> magnitude of the fiscal deficit inherited from his predecessor,
> Carlos Menem (1989-1999) and affirmed that the measures announced
> Monday to ''restructure the State'' uphold his goals for
> ''equitable growth.''
> The president justified the new adjustments, implemented after a
> series of delays, pointing to the adverse international
> circumstances, such as the interest rate hike in the United
> States, the devaluation of the Euro with respect to the dollar and
> the instability of the world financial markets.
> This scenario - on top of the tax collections that increased
> barely two percent in March and April, and then fell in May -
> prompted independent economists to calculate that the Argentine
> economy would grow just two percent, instead of the projected 3.5
> percent, and that unemployment would remain at a high 14 percent.
> In simple terms, the new measures mean that public employees who
> earn between 1,000 and 6,500 dollars per month will see a 12
> percent reduction, and those with higher salaries will take a 15
> percent cut.
> The wage cuts will also affect the Legislative and Judicial
> branches, though judges' paychecks will be spared the axe.
> As far as government incomes at the provincial level, the De la
> Rua administration called for ''urgent repairs'' of the situation
> in which certain legislators and city councillors earn incomes are
> several times greater than that of the president, which is 4,800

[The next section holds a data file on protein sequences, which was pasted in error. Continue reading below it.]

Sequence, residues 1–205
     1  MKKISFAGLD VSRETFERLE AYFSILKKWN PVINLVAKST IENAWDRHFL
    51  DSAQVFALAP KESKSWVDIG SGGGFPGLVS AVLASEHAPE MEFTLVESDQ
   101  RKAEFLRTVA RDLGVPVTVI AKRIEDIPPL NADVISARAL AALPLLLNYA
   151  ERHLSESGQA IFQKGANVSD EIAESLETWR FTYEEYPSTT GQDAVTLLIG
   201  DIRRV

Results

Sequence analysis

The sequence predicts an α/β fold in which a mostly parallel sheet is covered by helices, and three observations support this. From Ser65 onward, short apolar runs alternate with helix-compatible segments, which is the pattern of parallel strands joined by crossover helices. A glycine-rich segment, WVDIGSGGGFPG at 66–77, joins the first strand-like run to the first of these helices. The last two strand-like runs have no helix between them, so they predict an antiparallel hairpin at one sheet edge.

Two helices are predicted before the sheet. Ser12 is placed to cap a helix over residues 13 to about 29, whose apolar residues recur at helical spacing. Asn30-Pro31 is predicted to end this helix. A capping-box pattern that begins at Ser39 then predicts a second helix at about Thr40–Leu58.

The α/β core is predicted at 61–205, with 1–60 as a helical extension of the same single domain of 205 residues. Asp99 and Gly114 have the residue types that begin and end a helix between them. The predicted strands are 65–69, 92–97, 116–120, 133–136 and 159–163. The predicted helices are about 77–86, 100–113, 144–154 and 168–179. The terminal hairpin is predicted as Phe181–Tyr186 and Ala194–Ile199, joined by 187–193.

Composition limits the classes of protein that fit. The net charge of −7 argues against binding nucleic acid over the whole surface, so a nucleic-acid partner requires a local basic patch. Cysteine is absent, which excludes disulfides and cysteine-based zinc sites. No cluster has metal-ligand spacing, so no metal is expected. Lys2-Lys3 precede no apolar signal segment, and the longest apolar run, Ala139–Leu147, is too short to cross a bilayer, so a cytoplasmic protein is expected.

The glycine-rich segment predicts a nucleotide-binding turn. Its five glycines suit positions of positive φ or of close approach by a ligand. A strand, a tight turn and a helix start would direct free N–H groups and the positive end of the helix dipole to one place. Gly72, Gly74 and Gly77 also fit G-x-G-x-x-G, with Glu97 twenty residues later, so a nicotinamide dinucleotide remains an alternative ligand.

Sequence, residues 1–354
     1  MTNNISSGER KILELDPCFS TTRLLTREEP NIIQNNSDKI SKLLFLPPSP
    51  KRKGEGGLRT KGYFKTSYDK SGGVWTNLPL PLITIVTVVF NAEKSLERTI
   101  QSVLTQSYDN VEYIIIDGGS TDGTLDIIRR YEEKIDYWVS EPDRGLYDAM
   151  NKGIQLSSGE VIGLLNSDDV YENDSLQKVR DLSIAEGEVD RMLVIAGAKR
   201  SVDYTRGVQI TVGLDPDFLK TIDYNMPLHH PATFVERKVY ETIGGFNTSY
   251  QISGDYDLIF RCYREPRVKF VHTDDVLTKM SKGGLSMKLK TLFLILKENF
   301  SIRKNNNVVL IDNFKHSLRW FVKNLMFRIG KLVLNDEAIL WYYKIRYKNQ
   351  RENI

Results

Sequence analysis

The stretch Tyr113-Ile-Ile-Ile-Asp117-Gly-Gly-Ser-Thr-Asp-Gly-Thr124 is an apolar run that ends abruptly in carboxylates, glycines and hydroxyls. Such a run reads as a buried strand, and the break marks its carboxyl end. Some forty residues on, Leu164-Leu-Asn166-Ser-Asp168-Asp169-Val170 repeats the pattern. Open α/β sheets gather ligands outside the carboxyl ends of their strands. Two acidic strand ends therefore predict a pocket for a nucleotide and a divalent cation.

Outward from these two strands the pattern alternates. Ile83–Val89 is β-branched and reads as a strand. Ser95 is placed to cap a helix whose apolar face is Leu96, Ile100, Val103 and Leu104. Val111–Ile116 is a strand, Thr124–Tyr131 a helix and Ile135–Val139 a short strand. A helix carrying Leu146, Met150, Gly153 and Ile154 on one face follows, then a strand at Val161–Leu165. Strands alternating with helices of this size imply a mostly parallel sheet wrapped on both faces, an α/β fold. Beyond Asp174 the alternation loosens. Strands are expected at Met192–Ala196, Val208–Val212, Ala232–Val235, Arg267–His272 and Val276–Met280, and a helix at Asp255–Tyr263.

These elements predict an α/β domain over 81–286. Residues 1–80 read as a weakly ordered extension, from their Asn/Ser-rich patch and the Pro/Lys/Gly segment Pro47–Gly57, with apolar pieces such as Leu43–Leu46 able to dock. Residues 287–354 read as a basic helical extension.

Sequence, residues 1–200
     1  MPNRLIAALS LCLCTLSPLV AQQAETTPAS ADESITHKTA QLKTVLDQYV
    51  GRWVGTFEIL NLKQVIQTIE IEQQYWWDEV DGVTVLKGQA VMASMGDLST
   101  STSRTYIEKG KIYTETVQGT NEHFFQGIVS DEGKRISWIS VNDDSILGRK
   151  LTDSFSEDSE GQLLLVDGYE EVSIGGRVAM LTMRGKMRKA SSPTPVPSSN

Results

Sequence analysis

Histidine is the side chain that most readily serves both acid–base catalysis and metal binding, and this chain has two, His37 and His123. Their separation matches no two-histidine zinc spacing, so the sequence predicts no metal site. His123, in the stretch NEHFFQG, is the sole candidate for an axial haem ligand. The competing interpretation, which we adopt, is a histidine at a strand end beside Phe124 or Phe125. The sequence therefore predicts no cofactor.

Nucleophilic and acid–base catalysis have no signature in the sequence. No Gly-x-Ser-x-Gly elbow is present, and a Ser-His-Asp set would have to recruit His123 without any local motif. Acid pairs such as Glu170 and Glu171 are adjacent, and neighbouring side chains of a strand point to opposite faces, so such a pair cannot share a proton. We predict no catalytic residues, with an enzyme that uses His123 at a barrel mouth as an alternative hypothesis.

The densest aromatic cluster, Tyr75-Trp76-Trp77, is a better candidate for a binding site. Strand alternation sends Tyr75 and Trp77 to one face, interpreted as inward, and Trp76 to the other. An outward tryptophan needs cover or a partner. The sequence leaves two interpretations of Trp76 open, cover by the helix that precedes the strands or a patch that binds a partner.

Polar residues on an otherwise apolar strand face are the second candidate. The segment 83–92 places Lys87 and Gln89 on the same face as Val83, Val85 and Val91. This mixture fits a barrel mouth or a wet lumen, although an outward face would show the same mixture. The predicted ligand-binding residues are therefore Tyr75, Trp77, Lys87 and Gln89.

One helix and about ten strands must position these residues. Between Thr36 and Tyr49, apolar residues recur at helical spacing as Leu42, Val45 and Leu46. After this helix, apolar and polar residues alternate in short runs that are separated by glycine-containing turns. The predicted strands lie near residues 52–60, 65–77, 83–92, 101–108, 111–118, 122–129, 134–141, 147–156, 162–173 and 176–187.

> dollars per month.
> ''The greatest part of the effort must be made by political
> leaders, who are asked to make personal sacrifices,'' De la Rua
> said. Economy minister Machinea, meanwhile, pointed to the
> ''intolerable'' salary disparities existing in the public sector.
> The paychecks of government ministers are twice that of the
> president, and lawmakers see incomes of between 5,000 and 27,000
> dollars each month, depending on whether they serve in the
> national or provincial legislature. Some city councillors earn the
> more than a national lawmaker.
> The federal government's adjustment measures also call for the
> closing or merging of public offices, including the areas of
> sanitation control, economic research, the congressional printers
> and the official news agency, Telam, which will no longer produce
> government publicity and will go through full restructuring.
> Machinea emphasised that public employees will not be eligible to
> collect pensions from other jobs and the especially large pensions
> of the standout government posts will be reduced by 33 to 50
> De la Rua and Machinea stressed that social spending will not be
> reduced. On the contrary, they announced the creation of a Social
> Solidarity Fund for emergencies in the country's interior, and
> that government expenditures for workers' health services will be
> In the area of government investment, De la Rua's announcements
> were less spectacular. The government had to back off from an
> ambitious infrastructure programme, though it expects some 10
> billion dollars in private investment over the next three years.